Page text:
Ubuntu – Is it worth to tune Ext4 with noatime


With previous versions of Ubuntu (using Ext3 filesystem) I used to tune it for better performance with noticeable results by setting the noatime parameter in /etc/fstab.

Is it still worth it to do that with the Ext4 filesystem, which is now default in Ubuntu?
If so, does the procedure changed in some way?

An example of this tuning can be found here.

Best Answer

On Ubuntu 10.04, relatime is part of the default mount options, unless overridden in /etc/fstab. The previous few releases had relatime explicitly in /etc/fstab. relatime gives the same speed (and flash write cycle conservation) benefits as noatime, without causing trouble to old-fashioned mail notifiers.

The article you cite recommends data=writeback. Ubuntu defaults to data=ordered. Ubuntu's setting is slower in case of heavy disk load, but carries significantly less risk of data loss in case of a crash or power failure. So I would not recommend changing from the Ubuntu default.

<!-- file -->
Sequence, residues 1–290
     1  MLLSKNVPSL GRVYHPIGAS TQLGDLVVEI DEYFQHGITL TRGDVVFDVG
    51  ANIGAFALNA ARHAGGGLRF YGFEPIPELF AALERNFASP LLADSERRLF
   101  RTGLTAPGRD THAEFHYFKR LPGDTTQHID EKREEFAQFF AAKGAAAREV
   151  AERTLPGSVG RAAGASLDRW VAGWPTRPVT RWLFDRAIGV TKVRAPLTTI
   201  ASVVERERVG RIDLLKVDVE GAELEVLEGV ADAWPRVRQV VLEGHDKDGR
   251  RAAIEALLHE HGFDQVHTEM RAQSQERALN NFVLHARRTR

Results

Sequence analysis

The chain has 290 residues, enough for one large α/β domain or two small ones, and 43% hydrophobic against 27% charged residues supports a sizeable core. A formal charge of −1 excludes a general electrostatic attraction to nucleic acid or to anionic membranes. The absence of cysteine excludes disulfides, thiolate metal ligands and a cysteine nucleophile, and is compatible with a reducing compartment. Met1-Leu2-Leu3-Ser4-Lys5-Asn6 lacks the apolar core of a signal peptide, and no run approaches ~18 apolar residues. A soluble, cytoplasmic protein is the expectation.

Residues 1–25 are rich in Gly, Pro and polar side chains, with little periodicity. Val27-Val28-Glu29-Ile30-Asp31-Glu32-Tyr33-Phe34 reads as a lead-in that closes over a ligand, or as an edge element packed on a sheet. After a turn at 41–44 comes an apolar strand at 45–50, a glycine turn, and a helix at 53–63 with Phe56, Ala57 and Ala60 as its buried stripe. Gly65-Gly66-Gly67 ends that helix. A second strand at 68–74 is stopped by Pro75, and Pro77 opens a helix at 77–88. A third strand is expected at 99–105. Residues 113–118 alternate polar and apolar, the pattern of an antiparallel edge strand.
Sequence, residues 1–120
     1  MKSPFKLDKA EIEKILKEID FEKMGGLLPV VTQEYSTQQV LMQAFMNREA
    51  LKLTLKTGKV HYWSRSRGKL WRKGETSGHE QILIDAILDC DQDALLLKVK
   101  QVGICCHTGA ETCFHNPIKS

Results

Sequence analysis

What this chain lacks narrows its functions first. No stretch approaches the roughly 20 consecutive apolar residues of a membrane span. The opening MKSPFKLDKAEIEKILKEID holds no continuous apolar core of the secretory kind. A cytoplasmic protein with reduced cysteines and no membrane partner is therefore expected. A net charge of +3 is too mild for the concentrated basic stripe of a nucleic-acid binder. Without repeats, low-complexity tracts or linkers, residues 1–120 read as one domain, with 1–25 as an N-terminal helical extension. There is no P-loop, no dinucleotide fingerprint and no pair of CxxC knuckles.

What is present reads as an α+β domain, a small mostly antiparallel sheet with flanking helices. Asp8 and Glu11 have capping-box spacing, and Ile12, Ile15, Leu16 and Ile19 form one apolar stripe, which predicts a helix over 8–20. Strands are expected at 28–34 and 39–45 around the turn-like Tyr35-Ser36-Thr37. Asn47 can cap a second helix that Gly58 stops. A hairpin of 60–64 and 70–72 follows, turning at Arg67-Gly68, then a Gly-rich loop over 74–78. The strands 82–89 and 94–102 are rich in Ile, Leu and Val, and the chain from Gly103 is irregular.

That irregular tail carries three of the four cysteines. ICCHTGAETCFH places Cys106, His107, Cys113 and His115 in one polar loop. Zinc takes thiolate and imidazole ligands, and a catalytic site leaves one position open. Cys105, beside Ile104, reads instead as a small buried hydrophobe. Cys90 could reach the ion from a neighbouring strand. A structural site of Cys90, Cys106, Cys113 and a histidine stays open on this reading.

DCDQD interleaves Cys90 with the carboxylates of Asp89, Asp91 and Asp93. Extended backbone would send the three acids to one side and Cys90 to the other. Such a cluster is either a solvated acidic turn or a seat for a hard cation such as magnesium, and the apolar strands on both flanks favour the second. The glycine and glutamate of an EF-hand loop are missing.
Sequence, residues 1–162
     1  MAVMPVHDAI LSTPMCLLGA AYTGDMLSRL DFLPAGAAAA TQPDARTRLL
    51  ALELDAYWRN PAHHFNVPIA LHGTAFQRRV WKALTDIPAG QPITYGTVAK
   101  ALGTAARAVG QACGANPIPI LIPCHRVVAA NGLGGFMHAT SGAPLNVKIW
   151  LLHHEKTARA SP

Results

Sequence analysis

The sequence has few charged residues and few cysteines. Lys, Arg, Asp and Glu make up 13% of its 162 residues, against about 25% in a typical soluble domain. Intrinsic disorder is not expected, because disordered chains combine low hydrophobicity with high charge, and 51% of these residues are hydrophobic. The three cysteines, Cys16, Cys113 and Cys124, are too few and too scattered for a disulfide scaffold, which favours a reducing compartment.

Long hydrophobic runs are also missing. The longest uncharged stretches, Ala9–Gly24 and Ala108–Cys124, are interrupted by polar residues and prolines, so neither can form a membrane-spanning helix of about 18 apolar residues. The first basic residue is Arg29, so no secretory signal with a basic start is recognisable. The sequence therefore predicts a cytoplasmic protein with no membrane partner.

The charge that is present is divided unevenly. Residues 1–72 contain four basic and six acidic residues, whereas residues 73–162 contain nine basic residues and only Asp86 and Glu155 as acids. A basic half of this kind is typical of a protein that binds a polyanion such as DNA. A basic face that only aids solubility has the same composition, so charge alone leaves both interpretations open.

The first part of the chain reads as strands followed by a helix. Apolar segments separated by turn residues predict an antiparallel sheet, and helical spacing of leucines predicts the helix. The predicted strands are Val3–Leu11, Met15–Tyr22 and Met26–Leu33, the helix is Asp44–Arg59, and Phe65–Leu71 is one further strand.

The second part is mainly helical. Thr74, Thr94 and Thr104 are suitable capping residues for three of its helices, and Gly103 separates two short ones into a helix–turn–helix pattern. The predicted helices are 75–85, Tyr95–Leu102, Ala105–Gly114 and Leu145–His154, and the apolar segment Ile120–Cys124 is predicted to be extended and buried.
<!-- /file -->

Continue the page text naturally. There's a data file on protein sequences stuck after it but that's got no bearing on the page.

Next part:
Changing commit=5 to commit=100 increases the time window during which data will be lost in case of a crash, for little benefit in most circumstances.

Summary: leave the settings as they are, they were chosen for a reason.

ADDED: There are other things beyond mount options than can make a difference. Switching from ext3 to ext4 is itself often a visible improvement. Here are a few more tips for laptop users.

  • If you have a slow SSD, check out this thread at SU. The important tips are to use tmpfs for /tmp and for the browser cache (and perhaps history).

  • If you have a hard disk and you want it to stop spinning for extended lengths of time, then install noflushd, which allows the disk to spin down by delaying all writes until the RAM is full. (Of course, reads can cause the disk to spin up; you'll want to get into the habit of running cat /files/I/m/likely/to/need >/dev/null before the disk spins down.) In order for noflushd to be effective, turn off all swap and mount your filesystems with something like commit=3600.

    Using noflushd effectively means that your data can remain unwritten to disk for an extended length of time. This is a risk, to be weighed against the benefit of not having any noise or heat coming from the disk for a while. Don't use noflushd if you're not comfortable with that risk.

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